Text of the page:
Two sources provide significant information regarding land and property, and its valuation, in 19th century Ireland.


Griffith’s Primary Valuation

Griffith’s Primary Valuation originally entitled ‘General Valuation of Rateable Property in Ireland’ was the last of three valuations attempting to establish an equitable system of land and building taxation throughout the country. Undertaken by Richard Griffith, it took over fifteen years to complete (published 1848-1864) and was used as a basis for levying a local system of taxation under the Irish Poor Law Act, 1838. It was carried out under the auspices of ‘The Tenement Valuation Act of 1852’ and remained in effect in the Republic of Ireland for 130 years.


Carried out in the aftermath of the famine, the valuation replaced two earlier taxes, the ‘cess tax’ and the ‘tithe tax’ (see below). In order to assess the value of the property every farm/occupied premises in the country was visited. A value was allocated to the property, including the land held within the holding (the value of the land was based upon its quality, purpose, and average annual yield).


Each year following the initial valuation, a ‘revised’ valuation was made. This was carried out by surveyors from the Valuation Office. The revisions were noted and kept in books known as ‘Revision Books’ or ‘Cancelled Books’. These books are currently stored in the Valuation Office in Dublin and on payment of a ‘search fee’, it is possible to trace occupancy of premises and land listed in Griffith’s Valuation forward in time up until the abolition of domestic rates in the late 1970s. It is therefore possible to use the original valuation, in tandem with the ‘revision books/cancelled books’, to track families and deduce relationships. Due to the lack of 19th century census records in Ireland as a result of their destruction in 1922 during the civil war, Griffith’s Valuation has become one of the most useful sources of genealogical information.


It should be noted however, that the valuation did not record ‘every’ head of the family in the country. The survey overlooked any person or persons dwelling in a property recorded as occupied by their employer. Thus, in rural areas especially, many ‘landless labourers’ and ‘estate workers’ do not feature in the survey.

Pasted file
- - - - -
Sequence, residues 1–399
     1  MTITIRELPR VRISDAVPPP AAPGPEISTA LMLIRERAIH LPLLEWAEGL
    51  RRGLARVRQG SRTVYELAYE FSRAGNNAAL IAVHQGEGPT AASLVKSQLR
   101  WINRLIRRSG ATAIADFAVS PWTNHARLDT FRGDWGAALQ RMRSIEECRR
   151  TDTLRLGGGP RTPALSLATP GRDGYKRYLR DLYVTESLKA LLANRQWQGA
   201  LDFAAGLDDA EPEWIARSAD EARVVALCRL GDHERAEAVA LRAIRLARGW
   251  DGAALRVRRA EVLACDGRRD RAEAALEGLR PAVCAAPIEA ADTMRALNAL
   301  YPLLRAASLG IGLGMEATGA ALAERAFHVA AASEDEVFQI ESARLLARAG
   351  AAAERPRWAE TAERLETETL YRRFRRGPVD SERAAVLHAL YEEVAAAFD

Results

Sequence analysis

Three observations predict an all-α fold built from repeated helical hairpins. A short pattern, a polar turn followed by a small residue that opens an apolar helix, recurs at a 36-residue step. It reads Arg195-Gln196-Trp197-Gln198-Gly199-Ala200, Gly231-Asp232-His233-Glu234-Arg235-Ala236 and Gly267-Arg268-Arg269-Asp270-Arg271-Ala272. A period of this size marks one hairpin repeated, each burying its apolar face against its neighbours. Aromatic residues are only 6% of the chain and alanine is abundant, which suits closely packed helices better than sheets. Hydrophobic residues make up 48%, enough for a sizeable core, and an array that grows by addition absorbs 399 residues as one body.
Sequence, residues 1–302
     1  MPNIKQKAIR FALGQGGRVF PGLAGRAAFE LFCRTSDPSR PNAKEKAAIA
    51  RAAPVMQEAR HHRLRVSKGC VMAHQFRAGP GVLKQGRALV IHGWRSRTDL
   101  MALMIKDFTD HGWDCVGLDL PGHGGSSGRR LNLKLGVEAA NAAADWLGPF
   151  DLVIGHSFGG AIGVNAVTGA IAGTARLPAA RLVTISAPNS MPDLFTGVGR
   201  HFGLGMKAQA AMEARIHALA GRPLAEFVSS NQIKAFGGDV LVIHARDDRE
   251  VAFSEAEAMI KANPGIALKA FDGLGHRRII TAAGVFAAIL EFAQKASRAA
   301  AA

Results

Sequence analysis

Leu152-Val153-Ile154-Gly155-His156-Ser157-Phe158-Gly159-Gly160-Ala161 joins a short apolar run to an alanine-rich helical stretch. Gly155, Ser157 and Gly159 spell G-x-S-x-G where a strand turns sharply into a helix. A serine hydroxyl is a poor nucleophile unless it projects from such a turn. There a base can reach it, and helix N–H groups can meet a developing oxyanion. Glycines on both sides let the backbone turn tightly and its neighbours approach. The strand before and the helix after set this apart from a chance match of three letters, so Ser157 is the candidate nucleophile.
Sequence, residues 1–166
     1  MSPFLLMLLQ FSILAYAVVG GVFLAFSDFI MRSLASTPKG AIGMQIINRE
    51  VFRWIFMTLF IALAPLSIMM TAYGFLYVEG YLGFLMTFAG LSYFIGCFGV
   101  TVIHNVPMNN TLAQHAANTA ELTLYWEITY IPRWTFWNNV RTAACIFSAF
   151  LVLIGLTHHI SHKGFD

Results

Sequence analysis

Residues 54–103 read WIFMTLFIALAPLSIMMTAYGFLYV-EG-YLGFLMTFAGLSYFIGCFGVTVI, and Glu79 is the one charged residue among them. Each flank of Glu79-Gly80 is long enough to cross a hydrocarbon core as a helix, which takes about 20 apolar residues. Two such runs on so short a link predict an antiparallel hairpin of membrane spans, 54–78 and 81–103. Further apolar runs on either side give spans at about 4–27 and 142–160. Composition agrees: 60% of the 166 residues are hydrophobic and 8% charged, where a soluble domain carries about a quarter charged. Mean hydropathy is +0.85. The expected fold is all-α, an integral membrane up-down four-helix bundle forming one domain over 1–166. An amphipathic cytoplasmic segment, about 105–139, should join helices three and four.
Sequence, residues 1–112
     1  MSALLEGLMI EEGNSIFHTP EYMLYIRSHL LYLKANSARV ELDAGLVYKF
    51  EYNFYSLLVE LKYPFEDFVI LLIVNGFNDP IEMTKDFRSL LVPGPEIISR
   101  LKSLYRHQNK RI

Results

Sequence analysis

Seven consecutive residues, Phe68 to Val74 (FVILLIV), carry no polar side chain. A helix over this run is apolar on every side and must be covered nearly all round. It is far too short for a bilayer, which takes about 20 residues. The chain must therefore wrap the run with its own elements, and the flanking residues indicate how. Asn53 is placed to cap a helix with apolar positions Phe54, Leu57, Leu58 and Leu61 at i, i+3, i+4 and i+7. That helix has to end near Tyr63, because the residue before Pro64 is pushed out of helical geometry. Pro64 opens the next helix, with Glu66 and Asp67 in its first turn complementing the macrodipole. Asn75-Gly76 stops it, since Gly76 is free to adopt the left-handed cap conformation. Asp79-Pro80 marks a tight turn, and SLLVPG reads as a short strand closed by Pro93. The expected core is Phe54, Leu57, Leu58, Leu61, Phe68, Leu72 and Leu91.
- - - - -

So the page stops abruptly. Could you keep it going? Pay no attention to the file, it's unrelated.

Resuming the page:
Tithe Applotment Books (TAB's)

A ‘tithe’ was a tax (established by the Composition Act of 1823) equivalent to ten percent in kind of agricultural produce of a rural piece of land collected for the upkeep the Church of Ireland clergy. It was to be paid by every person (landlord or tenant) regardless of religion. In order to establish who should pay and how much they should pay, a countrywide survey was compiled (by civil parish) from c. 1823-1838. The resultant survey records are referred to as the ‘Tithe Applotment Books’ (TAB's) and they form a valuable source of genealogical information from this period.


Whilst the basis of the tax was on the size and quality of the land held, some exemptions were made, a situation which further compounding its already exploitative foundation. In some counties, the tax was payable on potato patches but not on grassland, with the result that the poorest had to pay most[1].


Unsurprisingly, imposition of such a tax caused widespread unrest, particularly amongst the poorest tenant farmers most of whom were Roman Catholic (RC). The unrest developed into what is colloquially knows as the ‘tithe wars’, with the result that in 1838 the tax was abolished.


In consequence of the widespread opposition to payment of this tax, a list of names was compiled of those who actively refused to pay. These people were known as ‘Tithe Defaulter’s’ and the list remains another useful source of information for this period of 19th century family history.

[1] Tracing your Irish Ancestors, John Grenham 2012, 57.